The Disappearing Spoon podcast

Topsy-Turvy Tales from Our Scientific Past
June 6, 2023 People & Politics

The Curse of Knowing Too Much

How paranoia doomed a nuclear patent lawyer.

Newspaper clipping of Paul Stoutenburgh being carried out by a medical examiner.

Paul Stoutenburgh knew more atomic secrets than anyone on Earth. So was that why he killed himself? And if not, why was the government (seemingly) so uninterested in getting to the bottom of his death?

About The Disappearing Spoon

The Science History Institute has teamed up with New York Times best-selling author Sam Kean to bring a second history of science podcast to our listeners. The Disappearing Spoon tells little-known stories from our scientific past—from the shocking way the smallpox vaccine was transported around the world to why we don’t have a birth control pill for men. These topsy-turvy science tales, some of which have never made it into history books, are surprisingly powerful and insightful.

Credits

Host: Sam Kean
Senior Producer: Mariel Carr
Producer: Rigoberto Hernandez
Audio Engineer: Jonathan Pfeffer

Transcript

Paul Stoutenburgh walked into his office and froze. Something wasn’t right. But what?

He looked around. Stoutenburgh worked as a patent lawyer for the highest-profile piece of technology in the world in 1946—the atomic bomb. All the details of its construction, all the blueprints, were right there in his office. It was the highest concentration of nuclear secrets in the world.

Which of course would make his office a prime target for stealing secrets. And the pressure of keeping everything secret was eating at Stoutenburgh.

Right now, for instance, he swore something was wrong. But what? He examined every item on his desk. You can imagine him thinking, Is that where I left my stapler yesterday? Did someone move it? He strained trying to remember.

Next he’s holding things up to the light, then peeking under his desk. Any fingerprints or footprints? Any signs of a break-in?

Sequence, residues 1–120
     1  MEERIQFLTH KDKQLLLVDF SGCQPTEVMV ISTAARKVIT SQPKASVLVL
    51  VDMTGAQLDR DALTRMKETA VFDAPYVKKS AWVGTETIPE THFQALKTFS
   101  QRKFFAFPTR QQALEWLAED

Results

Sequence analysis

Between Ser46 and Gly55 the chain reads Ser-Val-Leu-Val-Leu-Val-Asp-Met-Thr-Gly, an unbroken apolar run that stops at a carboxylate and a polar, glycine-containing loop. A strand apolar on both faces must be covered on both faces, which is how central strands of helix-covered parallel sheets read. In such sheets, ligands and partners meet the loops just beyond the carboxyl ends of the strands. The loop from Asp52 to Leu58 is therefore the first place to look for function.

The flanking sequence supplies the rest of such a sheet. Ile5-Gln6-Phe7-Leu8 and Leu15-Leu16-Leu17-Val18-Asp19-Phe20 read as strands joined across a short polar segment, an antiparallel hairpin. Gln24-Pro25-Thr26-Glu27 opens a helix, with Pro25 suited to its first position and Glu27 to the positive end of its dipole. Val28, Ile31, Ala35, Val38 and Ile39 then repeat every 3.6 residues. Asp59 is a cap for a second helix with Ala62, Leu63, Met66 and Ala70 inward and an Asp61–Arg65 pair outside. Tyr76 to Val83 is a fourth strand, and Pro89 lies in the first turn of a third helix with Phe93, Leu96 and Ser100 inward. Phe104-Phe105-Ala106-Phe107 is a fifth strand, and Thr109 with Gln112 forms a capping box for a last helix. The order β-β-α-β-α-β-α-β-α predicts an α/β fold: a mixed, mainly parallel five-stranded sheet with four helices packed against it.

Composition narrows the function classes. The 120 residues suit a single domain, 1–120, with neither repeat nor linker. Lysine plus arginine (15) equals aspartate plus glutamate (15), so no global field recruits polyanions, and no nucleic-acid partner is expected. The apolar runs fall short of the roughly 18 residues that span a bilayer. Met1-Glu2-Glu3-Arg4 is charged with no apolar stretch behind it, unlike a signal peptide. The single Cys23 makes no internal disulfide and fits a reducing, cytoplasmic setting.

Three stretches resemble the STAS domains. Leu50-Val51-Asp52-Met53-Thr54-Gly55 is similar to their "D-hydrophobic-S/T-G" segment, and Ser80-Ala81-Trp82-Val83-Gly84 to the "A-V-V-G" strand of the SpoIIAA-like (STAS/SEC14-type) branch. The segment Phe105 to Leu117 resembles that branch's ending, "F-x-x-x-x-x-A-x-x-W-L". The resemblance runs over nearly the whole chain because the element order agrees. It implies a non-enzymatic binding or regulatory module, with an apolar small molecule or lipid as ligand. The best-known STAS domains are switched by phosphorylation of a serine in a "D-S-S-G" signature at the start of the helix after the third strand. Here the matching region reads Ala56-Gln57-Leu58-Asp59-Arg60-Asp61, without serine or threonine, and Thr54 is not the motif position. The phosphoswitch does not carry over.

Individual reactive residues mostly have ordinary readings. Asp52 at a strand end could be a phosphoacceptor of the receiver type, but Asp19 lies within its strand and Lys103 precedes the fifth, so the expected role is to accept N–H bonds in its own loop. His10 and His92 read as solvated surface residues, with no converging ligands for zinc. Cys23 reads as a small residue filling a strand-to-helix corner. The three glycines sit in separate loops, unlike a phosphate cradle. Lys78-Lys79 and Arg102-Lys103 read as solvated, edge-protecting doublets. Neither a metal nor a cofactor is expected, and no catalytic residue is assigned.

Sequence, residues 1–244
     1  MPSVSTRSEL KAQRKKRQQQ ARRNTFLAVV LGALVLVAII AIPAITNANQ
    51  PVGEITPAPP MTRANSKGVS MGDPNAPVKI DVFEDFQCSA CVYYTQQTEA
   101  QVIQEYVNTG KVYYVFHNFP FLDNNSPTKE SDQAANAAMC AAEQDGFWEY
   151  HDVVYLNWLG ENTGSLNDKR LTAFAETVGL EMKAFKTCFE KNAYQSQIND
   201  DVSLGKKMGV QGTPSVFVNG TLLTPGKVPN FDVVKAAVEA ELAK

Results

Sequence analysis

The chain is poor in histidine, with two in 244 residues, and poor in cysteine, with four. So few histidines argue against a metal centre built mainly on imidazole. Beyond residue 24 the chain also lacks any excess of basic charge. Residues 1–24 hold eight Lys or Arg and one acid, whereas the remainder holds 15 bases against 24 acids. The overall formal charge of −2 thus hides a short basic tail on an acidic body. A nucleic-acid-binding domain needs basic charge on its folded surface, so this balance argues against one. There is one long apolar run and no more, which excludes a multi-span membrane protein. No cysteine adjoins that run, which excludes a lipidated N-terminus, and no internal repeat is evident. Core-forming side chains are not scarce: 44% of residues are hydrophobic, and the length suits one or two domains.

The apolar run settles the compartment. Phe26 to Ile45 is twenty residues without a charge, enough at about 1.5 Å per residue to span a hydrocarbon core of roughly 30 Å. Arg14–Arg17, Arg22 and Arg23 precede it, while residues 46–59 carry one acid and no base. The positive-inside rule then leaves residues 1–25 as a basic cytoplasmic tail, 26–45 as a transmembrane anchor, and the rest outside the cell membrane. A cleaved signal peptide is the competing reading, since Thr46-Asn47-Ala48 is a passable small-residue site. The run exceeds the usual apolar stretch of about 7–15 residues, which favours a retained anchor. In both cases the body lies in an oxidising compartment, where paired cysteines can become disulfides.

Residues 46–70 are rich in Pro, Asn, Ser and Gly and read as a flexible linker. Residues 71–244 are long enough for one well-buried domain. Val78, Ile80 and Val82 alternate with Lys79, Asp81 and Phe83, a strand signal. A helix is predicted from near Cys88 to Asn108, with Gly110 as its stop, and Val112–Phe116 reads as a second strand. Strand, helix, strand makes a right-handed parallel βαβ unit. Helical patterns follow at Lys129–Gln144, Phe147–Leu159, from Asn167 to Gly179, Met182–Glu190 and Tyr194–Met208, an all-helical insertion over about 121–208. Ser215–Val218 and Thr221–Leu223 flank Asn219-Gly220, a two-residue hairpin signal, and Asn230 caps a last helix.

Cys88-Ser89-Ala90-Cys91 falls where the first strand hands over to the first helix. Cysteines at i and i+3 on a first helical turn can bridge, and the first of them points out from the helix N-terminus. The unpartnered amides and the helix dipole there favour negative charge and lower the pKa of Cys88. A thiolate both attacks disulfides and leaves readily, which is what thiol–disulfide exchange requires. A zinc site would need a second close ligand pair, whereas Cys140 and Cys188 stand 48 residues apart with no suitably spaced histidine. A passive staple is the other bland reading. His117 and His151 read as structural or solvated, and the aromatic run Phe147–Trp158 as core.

Then he saw it. He picked up some files—and found a folder he’d been looking for yesterday. He had searched his whole office yesterday, and couldn’t find it. And now here it was. Had he simply overlooked it? Or had someone taken it and put it back?

He tried to think. Maybe he had just slipped this folder among the files and forgot. Or was this the proof he needed? But again, he just couldn’t remember. 

Which only made him angry. Perhaps he slammed the folder down. Something was going on—he was sure of it. But what?

The thing was, Stoutenburgh was right. Something was going on. He was slowly being driven mad by paranoia. Paranoia that would soon destroy him, and lead him to shoot his wife and daughter. And to this day, no one knows why. 

Was he simply trying to protect them? Or was he caught in the web of something bigger—something darker, and more deadly, related to those atomic secrets?

***

The idea of patenting an atomic bomb seems faintly ridiculous. Usually you patent something for commercial protection, so you can sell it and make money. But the U.S. government obviously wasn’t peddling atom bomb cores. So why patent the bomb’s components? 

A few reasons. First, to credit the scientists involved. They’d worked hard on the bomb, and wanted recognition. And when you patent something, you list the inventor. Credit where credit is due.

Second, the U.S. government wanted to push the related technology of atomic power after World War II. Patenting the various components would ensure that they remained a public good.

But patenting had big downsides as well. First, you have to submit a blueprint for building every part of an atomic bomb. What if those blueprints fell into enemy hands?

Even worse, during the Manhattan Project to build the atomic bomb, everything—everything—was compartmentalized. Each scientist involved knew only one tiny bit of the big picture, but nothing more. And what they did know they kept secret.